Term Paper: Economic Organizations

Pages: 6 (2264 words)  ·  Bibliography Sources: 1+  ·  Level: College Senior  ·  Topic: Sports - Women  ·  Buy This Paper

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[. . .] She is torn by this dilemma, but agrees to meet for drinks, knowing that her boss and client will be less forgiving than her son. This scene successfully portrays the role that women are expected to play in many organizations, which is that of committed employee, even if this role creates conflict with other roles such as mother.

Jack, in another scene, makes reference to not having much money due to alimony, child support and other bills. The sense is that Jack is a good man for keeping these commitments, but that he could possibly rethink these commitments if his financial situation became too difficult.

The one stereotype that is shared by both Melanie and Jack is that work will always take priority over family in a crunch. For both characters, each must address a critical work situation in one day while finding alternate arrangements for their respective children. At no point do either indicate that an option exists, and both comment that they will be fired if they don't keep their respective work commitments. The underlying message is that work in America is more important than children, and this unfortunate workplace reality is shared by both men and women.

The academic literature and mainstream media support the roles of gender and stereotypes as portrayed in "One Fine Day." Bartol (1980) defined the quality of working life by adopting eight major categories developed in her evaluation of the impact of sex-role stereotyping in organizations. In all eight categories, women are more seriously impacted by these factors than are men, thereby positively reinforcing sex-role stereotypes and negatively affecting women's contributions to the workplace. For example, two of the factors are adequate and fair compensation, and total life space. The former is described as "fairness relative to what is paid to others in similar...types of positions." The gender wage gap, as previously noted, remains in most organizations, which negatively impacts women in the workplace. The latter factor includes "the degree to which the work situation allows the individual to balance the various roles in life, including those involving family and leisure." In the case of Melanie in "One Fine Day," work dominates her total life space and causes her to hide her family obligations from her employer and clients. This situation is not shared by Jack as a man.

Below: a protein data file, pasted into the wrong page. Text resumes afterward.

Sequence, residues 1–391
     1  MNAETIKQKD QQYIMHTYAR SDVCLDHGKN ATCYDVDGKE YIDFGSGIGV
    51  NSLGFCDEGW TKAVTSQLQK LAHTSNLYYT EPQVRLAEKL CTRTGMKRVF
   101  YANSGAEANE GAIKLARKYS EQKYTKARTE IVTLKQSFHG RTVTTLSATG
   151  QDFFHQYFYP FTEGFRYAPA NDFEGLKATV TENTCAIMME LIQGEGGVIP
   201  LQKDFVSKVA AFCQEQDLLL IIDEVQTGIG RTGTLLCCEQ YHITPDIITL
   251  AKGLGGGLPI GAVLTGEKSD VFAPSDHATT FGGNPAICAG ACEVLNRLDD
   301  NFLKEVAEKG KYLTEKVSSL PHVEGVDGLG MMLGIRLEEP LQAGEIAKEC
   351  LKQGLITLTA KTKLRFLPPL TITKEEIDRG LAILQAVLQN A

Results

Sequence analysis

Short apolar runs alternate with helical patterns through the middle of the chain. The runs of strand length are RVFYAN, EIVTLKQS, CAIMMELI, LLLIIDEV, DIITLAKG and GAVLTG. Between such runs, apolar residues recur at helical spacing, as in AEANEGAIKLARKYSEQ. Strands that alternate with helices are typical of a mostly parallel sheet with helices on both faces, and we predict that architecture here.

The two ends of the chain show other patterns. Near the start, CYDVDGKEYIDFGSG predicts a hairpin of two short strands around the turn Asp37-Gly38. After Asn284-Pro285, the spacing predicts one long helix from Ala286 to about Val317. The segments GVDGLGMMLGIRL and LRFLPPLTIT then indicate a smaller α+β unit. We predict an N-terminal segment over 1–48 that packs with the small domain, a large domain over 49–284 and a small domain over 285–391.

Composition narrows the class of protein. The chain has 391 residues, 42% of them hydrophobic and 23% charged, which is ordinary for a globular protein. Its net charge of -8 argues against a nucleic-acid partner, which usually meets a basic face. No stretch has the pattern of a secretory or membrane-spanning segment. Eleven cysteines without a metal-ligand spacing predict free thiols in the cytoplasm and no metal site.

Treas and Widmer (2000) note that, "Women around the globe face similar problems reconciling paid work and domestic responsibilities. Compared with other women, mothers of children, particularly young children, are less likely to be employed. When they do work for pay, they are less likely to work full-time." In the case of Melanie, and many other single mothers around the globe, the problem of balancing child-rearing responsibilities with career by working part-time during those years is severely impacted. Kane and Sanchez (1994) state, "...given that economic dependence ties women's economic interests to men's, that women suffer greater harm from marital disruption." Panayotova and Brayfield also note that, "the presence of residual family obligations (in the case of divorced, widowed or separated respondents) should be distinguished from actual experiences of family responsibilities for currently married respondents." In "One Fine Day," the role of gender and stereotypes in economic organizations is exacerbated by Melanie's (and Jack's) status as divorced parents, although Melanie's situation is further compounded by having primary responsibility for her child, while Jack has only secondary care for his child. Despite this confounding situation presented by the marital status of Melanie and Jack, the movie "One Fine Day" presents an accurate portrayal of work and family conflicts that occur in contemporary American society.

Bibliography

Bartol, Kathryn. Female managers and quality of working life: the impact of sex-role stereotypes. Journal of Occupational Behaviour Vol. 1, 1980: 205-221.

Bernstein, Aaron. Women's Pay: Why the Gap Remains a Chasm; A new study spells out the costly impact of family obligations. BusinessWeek Iss. 3887, New York, 14 June 2004: 58.

Blau, Francine and Lawrence Kahn. Gender Differences in Pay. Journal of Economic Perspectives, Vol. 14 No. 4, Fall 2000: 75-99.

Conlin, Michelle. Self-Deprecating Women. BusinessWeek Iss. 3887, New York, 14 June 2004: 26.

Kane, Emily and Laura Sanchez. Family Status and Criticism of Gender Inequality at Home and at Work. Social Forces 72:4, June 1994: 1079-1096.

Lublin, Joann. Women Aspire to Be Chief as Much as Men Do. The Wall Street Journal (Eastern Edition), New York: 23 June 2004: D2.

Panayotova, Evelina and April Brayfield. National Context And Gender Ideology: Attitudes toward Women's Employment in Hungary and the United States. Gender… [END OF PREVIEW]

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